Saturday, 8 July 2017

Changes in the world of glossies: Enninful and Chambers

From Robyn Hung's lookbook Model: me photo by Stephanie Dray

It's been in the news quite a lot. Vogue UK has a new editor, Edward Enninful OBE, who was appointed in April 2017 to take over from Alexandra Shulman and Lucinda Chambers, a fashion director for the magazine, is one of the casualties, as Enninful prepares his makeover, giving notice to some of the  old hands. Chambers gave an interview to Vestoj, an online fashion journal (I wrote for it last year, about older models) and in the article, with a hint of bitterness and much anxiety, she describes her predicament and advocates for a glossy magazine that is both useful and aspirational, lamenting that glossies nowadays are no longer useful and present a fashion that is irrelevant. The interview was withdrawn and then republished with  amendments, as some of Chambers' statements were rather incandescent,  and unacceptable to Conde Nast's  and Enninful's lawyers.
It's hard to lose one's job at age 57, even when one has agreed to step down, and the concerns raised by Chambers are very valid, I would certainly not dismiss them. But change at Vogue UK was overdue and I cannot help feeling some excitement when I think of the new direction that Enninful - a Londoner of Ghanaian origin; a former model; one of the youngest fashion editors at I-D magazine in the 1980s; editor of WMagazine until his Vogue UK appointment -  overall  a highly respected name in the world of fashion, will be taking.
Glossies need to change to be more in tune with the times, bridging the gap between their online and print version, for example. Unlike others, I do feel that Enninful, by enlisting the help of models such as Kate Moss and Naomi Campbell as contributing editors, as well as director Steve McQueen (of 12 year a slave fame)  and the inimitable Grace Coddington, promises a major overhaul of Vogue UK. Moss already contributed to Vogue UK anyway, when Alexandra Shulman was at the helm.  Signing Moss up is a recognition of her role as influencer, even though Moss  does not do social media.
With Enninful, the magazine will embrace diversity, at least one hopes it will, and to me this is a way of making it relevant to today's fashion and a true mirror of its global dimension.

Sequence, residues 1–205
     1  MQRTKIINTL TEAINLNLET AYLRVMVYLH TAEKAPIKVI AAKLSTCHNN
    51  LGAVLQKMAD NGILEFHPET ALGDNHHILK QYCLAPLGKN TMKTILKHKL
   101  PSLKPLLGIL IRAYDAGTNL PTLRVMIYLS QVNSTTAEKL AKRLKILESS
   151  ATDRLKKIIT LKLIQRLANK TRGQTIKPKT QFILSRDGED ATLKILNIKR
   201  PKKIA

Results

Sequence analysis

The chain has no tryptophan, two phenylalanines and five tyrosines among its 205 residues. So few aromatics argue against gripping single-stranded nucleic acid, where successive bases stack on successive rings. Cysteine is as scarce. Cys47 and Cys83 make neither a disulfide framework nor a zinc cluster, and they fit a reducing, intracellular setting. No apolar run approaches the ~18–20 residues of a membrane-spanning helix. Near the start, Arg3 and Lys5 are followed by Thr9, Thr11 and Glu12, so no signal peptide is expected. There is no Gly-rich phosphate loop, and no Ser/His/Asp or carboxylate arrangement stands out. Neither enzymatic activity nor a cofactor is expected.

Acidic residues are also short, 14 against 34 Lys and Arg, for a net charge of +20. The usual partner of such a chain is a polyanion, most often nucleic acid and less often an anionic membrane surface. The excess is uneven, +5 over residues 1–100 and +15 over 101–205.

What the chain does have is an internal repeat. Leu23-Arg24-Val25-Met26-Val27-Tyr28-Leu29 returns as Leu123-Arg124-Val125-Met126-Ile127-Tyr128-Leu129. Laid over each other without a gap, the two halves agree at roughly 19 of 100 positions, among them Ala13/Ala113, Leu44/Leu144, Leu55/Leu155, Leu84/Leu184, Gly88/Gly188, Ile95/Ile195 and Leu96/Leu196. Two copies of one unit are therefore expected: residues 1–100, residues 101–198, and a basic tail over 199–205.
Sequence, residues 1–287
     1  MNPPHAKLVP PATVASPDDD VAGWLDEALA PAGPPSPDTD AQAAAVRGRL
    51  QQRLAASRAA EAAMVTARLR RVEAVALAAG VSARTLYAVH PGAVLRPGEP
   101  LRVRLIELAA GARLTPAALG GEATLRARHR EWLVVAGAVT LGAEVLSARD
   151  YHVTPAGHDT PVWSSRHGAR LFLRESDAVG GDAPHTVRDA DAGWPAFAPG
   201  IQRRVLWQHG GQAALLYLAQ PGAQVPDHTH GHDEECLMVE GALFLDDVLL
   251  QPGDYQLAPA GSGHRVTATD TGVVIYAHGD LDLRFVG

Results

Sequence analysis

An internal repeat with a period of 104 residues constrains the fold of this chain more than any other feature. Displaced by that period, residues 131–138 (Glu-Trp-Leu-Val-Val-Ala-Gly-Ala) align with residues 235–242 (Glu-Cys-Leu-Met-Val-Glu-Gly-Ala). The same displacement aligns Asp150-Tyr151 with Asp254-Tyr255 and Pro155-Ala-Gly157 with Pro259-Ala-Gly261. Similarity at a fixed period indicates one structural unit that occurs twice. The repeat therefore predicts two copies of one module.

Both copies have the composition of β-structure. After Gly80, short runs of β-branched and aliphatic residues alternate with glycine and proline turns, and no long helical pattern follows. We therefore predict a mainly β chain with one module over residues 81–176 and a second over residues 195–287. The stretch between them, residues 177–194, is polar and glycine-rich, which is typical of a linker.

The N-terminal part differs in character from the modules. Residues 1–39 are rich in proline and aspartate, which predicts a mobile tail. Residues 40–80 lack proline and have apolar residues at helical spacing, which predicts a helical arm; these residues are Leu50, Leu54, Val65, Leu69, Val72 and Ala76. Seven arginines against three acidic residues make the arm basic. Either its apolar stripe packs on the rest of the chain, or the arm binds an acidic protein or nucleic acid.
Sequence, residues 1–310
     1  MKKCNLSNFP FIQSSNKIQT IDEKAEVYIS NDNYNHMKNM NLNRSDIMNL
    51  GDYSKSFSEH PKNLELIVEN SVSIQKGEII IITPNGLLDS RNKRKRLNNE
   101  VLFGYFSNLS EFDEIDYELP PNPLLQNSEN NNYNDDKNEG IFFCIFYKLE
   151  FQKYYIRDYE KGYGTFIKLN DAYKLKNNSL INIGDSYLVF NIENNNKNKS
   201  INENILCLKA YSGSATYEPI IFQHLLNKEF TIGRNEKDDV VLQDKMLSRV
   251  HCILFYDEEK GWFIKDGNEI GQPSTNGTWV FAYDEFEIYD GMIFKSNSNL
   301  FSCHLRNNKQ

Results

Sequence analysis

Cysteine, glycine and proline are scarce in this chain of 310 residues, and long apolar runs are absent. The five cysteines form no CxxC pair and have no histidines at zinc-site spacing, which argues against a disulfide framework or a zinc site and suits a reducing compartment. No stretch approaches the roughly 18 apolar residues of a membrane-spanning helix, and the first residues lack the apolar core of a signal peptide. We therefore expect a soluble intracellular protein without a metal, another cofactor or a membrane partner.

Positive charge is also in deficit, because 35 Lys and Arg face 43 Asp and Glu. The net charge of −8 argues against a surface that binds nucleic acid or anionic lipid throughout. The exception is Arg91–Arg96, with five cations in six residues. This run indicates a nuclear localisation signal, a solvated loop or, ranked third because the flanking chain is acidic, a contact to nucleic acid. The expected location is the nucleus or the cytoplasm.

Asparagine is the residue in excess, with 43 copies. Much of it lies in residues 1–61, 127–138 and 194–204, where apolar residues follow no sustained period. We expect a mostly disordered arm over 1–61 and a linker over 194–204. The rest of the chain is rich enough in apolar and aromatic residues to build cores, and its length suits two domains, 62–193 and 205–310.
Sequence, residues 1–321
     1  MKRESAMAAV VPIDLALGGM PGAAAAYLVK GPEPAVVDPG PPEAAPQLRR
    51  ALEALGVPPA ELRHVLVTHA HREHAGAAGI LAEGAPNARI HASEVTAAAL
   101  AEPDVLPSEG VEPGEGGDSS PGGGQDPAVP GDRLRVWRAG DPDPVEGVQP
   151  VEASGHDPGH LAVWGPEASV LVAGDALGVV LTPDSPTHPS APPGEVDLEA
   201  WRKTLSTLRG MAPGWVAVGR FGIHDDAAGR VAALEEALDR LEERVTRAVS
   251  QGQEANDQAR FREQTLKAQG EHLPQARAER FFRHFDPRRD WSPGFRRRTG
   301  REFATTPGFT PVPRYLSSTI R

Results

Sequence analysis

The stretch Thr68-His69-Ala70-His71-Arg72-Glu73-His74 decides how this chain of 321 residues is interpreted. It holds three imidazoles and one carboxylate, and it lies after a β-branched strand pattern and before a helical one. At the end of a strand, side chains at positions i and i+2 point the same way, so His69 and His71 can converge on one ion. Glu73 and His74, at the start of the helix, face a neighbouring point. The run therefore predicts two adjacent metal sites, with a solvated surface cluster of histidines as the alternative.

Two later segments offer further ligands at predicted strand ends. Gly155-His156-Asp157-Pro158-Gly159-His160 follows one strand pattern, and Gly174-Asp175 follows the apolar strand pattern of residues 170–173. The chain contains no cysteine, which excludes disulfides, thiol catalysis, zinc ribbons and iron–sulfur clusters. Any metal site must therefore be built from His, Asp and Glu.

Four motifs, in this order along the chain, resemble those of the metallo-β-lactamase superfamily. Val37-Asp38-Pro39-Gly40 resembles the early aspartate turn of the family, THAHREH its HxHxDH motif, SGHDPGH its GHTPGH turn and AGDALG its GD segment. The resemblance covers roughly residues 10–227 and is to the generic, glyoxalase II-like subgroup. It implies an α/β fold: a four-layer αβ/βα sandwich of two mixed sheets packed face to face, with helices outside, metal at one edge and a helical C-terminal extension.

(Speaking of which I would like to signal the tremendous changes being brought by a new cohort of Chinese designers, sleek, well trained and with fresh ideas. I saw some of them at Graduate Fashion Week this year and I modelled for Shanghai based Robyn Hung A/W17 Lookbook, with its very classy clothes.  The rise of Chinese designers and their novel  approach to a diverse, global fashion is to be commended. We saw that already at LFW 2015, when fellow model Frances Dunscombe, at the time 82, walked for You Jai Jin).
If fashion glossies are to be useful, as Chambers would like them to be, then it is very important that they should take a less conservative and less predictable take on fashion. Shulman's directorship  was characterised by  middle-of-the-road cautiousness, Enninful is more flamboyant and daring.
I have always been in awe of the late Franca Sozzani and her vision, which made Vogue Italia,  to which Enninful was a long-time contributing editor, the enlightened publication it was.
Enninful recently tweeted about the July 2005 issue of Vogue Italia, a "commentary on the world's obsession with plastic surgery".

I look forward to the new Vogue UK.  And I am sure Lucinda Chambers will find a way to tap into her very considerable skills and experience to forge a new career for herself.
I know something about changing career in your fifties: I quit my position as an academic a few years ago to start anew as a model, a blogger and a freelance writer.
Life goes on. Perhaps Chambers will follow in the footsteps of other fashion commentators and become an academic? Fashion colleges would definitely need her expertise.